And now, with the team’s mandatory minicamp starting today, we bring you this perspective from two pretty prominent fellow quick-healers — Hall of Fame cornerback Rod Woodson and Chargers Pro Bowler Philip Rivers.
Woodson tore his ACL in the Steelers’ 1995 season-opener, and returned post-surgery for that January’s Super Bowl, becoming the first NFL player to come back from the surgery in the same season he was injured. Rivers took it one step further, playing through a torn ACL in the 2007 AFC Championship Game. The Chargers quarterback underwent surgery on Jan. 23, 2008, was back for minicamp 100 days later, and didn’t miss so much as an OTA practice as he rehabbed and returned.
On top of what Rivers said in the story, he also discussed the approach a professional athlete — naturally built to push himself — has to take in coming back.
“There’s a protocol in how to go about it,” Rivers said. “It was May and June for me, and I was trying to go. But they were monitoring my reps pretty closely. The important thing to remember is that you don’t have to play (in real, live games at that time of year).
“From knowing what I know about Wes, he’d hate to watch them go without him. But I know there was always a fine line there. They’re gonna be monitoring it.”
It’s been some time since Welker and Rivers have talked, but the Chargers quarterback still remembers plenty about the plucky receiver he came in with as a Class of 2004 rookie, which is part of how he’s built his opinion on this one.
“He’s just a football player, and I think that’s always the ultimate compliment you can give a guy and, certainly, you can say that about Wes,” Rivers. “What he was, was the guy where you could tell him what to do and he would go right out and do it. He could play the ‘Z’, the ‘X’, the slot, return punts, kicks; He was so smart, and that’s why he was quickly a team favorite in camp. Then he runs a punt back (in a preseason game), and you thought he was here to stay. But he escaped us.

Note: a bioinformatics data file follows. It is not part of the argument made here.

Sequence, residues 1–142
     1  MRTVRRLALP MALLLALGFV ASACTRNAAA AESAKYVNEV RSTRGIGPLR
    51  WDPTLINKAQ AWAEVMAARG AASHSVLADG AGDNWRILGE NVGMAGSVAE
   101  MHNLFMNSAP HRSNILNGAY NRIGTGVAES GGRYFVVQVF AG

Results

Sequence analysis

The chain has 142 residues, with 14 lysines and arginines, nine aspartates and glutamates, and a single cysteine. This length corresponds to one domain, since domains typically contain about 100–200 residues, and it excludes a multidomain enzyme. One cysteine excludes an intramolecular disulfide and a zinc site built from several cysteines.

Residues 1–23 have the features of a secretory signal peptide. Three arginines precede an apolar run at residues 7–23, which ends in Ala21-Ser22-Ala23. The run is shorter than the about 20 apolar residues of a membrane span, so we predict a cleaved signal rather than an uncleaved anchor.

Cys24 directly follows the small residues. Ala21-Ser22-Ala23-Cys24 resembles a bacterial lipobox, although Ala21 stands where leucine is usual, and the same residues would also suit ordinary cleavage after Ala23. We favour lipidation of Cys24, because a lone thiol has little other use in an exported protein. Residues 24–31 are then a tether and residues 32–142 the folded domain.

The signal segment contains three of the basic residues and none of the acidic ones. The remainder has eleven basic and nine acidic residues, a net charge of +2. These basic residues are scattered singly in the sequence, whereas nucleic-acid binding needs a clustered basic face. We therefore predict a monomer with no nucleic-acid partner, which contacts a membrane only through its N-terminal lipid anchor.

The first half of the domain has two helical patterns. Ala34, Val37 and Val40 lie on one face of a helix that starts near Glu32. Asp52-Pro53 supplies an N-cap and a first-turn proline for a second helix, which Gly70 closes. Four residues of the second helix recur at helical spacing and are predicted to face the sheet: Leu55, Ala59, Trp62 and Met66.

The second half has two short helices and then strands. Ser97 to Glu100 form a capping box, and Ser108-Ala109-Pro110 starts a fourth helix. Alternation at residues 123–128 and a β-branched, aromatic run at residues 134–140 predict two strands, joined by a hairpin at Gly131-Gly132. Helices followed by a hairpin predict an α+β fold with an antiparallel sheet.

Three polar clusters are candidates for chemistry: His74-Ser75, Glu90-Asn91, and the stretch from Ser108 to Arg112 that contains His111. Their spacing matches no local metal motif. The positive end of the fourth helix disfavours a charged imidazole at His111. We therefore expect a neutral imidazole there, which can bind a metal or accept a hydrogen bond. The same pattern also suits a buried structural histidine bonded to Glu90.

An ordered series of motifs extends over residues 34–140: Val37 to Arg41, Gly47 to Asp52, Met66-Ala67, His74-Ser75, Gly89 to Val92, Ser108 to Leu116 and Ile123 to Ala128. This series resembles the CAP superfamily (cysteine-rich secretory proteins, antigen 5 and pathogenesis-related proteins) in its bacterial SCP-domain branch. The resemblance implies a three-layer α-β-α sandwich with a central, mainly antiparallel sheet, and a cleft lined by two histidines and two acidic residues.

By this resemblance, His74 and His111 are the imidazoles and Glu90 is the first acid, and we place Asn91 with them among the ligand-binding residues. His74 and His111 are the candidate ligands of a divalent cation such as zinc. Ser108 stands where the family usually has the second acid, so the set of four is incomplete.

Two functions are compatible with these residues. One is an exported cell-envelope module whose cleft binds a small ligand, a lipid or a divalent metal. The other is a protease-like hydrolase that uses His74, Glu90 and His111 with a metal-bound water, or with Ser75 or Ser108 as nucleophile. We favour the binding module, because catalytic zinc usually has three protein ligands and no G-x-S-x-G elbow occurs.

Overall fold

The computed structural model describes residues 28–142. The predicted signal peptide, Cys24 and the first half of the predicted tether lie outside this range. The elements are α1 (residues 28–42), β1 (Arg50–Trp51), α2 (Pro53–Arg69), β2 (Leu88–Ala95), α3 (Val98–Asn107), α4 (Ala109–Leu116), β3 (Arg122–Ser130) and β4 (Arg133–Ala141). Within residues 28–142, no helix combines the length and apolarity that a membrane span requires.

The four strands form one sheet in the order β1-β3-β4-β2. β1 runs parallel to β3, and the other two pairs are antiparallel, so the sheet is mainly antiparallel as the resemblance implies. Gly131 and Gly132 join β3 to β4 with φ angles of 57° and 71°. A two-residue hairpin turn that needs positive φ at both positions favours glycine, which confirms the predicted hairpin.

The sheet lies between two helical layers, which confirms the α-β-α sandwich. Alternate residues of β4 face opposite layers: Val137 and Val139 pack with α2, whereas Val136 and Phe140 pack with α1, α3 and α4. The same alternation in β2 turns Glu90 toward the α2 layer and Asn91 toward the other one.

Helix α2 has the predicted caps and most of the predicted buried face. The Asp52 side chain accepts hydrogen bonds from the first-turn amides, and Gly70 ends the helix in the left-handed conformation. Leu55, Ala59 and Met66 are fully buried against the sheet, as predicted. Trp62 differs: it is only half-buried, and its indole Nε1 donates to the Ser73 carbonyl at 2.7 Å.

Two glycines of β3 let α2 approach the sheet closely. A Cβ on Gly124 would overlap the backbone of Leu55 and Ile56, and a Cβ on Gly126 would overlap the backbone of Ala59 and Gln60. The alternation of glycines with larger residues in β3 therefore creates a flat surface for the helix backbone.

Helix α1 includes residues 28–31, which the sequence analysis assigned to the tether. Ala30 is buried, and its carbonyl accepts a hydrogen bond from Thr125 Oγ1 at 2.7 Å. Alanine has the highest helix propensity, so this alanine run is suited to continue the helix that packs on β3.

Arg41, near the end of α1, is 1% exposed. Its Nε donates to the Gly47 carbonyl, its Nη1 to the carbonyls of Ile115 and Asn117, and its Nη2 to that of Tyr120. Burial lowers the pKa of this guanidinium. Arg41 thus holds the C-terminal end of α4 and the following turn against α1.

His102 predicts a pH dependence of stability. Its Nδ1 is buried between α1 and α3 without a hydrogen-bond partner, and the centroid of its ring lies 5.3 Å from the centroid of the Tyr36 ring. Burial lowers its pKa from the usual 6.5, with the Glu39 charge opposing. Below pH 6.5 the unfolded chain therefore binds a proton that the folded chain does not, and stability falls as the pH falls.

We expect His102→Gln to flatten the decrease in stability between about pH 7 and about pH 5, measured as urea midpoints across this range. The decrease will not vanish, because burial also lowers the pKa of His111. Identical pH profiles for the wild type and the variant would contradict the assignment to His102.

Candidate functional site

“But he’s just a super smart guy and a football player. The kind of guy you can’t have too many of. … You knew he wasn’t going to be a practice-squad-and-fizzle-out guy. You knew he was going to be a player for all those reasons I mentioned, so versatile and so smart, and just that type of competitor.”
As the story goes, the Chargers traded for Clinton Hart from the Eagles and had to make room, so they cut Welker, hoping he’d slip through the waiver wire and make it on to their practice squad. That didn’t happen. He was scooped up by Nick Saban and the Dolphins, and the rest is history.
So, yes, Rivers has plenty of reason to believe in Welker. Woodson may not know Welker personally, or have shared a practice field with him, but he can see enough on tape to share Rivers’ optimism.
“One thing to look for is whether he’s going to be as sharp,” Woodson said. “It’s his left knee, so you watch how he plants and goes right. Does he favor it, or does he plant? Or does he plant with his inside foot and round it off? Can he stop on his left leg? Those are the questions.
“Once I saw (the video), I knew he blew out his ACL, but I also knew if he didn’t damage the cartilage, he was gonna be OK because technology’s so vastly improved. I know Wes is a tough, gritty guy. He’s got that mentality. He’s no diva receiver. Just tough and gritty and gets his work done. He’s blue collar in that same category as Hines Ward, so I knew he’d be back.”
What Woodson said is key, of course — That Welker didn’t damage the cartilage. Another piece of detail in the story today is that Welker’s ACL graft came from his patellar tendon, which could cause some more pain in the short-term, but produce a better long-term result.
As you might expect, all eyes will be on Wes today. And we’ll bring you a detailed report following the lunchtime practice session.